Anglers can expect a date with hot late winter fishing action either side of Valentine’s Day.
Story and photography by Danno Wise
February is the final month before the return of warmer weather. Although the Spring Ides of March will see plenty of sunshine and warm winds, February is often cold, grey and dreary. In fact, some of winter’s worst weather is usually reserved for February. The late winter weather can be so cold, an entire holiday – Valentine’s Day – was created to warm the hearts of millions during February. For saltwater fishermen in the Lone Star State, however, the often hot action with speckled trout and redfish provide a warm glow during the final month before spring.
Of course, no stereotypes are absolute. Though February sees Coastal Texas in the throes of winter weather and it is often overcast and cold, there are also some sunny, relatively warm days in February as well. As a result, the immediate fishing pattern will oscillate somewhat based on prevailing conditions. Regardless of weather this time of year, fishing can be hot for those who know where to look and how to fish in Texas bays during late winter.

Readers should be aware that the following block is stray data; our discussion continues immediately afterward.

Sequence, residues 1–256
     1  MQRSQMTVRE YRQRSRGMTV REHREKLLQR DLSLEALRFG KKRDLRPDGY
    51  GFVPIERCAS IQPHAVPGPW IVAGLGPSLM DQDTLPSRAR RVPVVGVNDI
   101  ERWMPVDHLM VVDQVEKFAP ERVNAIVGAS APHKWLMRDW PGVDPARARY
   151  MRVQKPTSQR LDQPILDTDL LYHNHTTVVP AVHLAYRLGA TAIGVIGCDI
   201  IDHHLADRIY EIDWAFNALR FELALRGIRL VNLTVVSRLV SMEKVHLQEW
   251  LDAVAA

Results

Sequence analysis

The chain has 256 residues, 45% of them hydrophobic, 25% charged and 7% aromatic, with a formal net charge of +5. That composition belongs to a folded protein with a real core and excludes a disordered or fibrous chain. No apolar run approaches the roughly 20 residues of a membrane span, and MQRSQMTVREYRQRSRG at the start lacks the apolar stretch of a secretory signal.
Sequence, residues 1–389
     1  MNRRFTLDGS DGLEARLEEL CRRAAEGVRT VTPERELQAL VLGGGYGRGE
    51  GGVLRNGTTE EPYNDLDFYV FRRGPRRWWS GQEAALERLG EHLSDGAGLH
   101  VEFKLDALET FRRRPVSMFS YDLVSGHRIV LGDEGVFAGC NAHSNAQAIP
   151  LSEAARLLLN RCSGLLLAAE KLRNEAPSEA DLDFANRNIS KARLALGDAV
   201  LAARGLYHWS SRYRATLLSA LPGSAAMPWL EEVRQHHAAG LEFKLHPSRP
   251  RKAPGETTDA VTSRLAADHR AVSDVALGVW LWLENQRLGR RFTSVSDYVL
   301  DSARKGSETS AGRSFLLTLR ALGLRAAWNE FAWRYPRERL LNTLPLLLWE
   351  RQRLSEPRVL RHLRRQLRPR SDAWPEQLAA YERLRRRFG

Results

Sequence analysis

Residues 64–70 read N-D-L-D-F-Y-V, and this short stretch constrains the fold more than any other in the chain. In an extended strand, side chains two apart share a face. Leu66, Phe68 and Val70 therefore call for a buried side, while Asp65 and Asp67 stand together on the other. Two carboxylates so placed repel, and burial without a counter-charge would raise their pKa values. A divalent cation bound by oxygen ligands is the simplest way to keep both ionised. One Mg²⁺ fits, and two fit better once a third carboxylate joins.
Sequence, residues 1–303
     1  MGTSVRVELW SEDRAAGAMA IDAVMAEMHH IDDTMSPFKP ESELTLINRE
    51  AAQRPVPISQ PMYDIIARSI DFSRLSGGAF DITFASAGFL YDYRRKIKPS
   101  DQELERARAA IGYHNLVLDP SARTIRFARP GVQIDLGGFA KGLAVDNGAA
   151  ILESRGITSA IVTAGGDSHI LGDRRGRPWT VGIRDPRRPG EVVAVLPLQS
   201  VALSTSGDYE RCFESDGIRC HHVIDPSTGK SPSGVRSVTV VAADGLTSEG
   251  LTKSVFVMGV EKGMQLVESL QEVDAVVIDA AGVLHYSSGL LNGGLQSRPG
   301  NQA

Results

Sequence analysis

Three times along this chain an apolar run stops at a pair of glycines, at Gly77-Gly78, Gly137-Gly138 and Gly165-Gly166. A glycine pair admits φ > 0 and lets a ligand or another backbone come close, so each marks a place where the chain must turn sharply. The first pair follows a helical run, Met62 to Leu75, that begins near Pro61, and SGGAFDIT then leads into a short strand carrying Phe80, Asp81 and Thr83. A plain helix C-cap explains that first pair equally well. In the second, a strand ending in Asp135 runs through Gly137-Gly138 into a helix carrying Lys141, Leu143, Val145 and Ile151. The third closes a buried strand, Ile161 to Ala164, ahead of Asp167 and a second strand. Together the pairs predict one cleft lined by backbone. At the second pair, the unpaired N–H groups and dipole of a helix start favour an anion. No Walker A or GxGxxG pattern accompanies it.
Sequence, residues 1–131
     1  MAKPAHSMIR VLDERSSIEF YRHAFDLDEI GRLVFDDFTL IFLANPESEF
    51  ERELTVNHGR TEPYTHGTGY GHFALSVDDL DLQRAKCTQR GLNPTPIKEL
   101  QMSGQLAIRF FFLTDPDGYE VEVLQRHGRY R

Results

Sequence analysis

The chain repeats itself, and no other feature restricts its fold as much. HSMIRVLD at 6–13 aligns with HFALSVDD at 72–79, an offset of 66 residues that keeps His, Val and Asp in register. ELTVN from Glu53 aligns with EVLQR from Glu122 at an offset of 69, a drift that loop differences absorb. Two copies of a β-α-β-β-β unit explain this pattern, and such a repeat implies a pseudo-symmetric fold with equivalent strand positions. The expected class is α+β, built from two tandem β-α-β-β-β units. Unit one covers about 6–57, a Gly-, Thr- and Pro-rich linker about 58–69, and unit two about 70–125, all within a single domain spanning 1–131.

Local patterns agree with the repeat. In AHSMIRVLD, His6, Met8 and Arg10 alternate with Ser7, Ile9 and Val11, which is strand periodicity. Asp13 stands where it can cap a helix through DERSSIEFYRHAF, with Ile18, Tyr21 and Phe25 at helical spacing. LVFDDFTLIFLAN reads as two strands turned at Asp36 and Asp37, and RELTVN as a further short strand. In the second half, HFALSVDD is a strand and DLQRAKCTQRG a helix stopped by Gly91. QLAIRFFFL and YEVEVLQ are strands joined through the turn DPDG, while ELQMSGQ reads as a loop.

Some of the simplest fishing to be found in late winter is targeting schoolie specks in deep water with soft-plastics or live bait. This is perfect for fishermen more interested in boxing some “eaters” or who just want fairly constant action.
During February, schoolie specks will be staunchly in a winter pattern, meaning anglers can usually find dense concentrations of fish in deep water areas. Deep structure – humps, shell pads, rigs, pilings, bridges, etc along with channel edges are often packed with fish. Anglers just wanting fast action and plenty of fillets can usually fill a box quickly once a concentration of fish is found. While most of these fish will on the lower end of the keeper scale – usually in the 15 to 16- inch range with a few 17 to 20 inch fish mixed in – there will be plenty of them.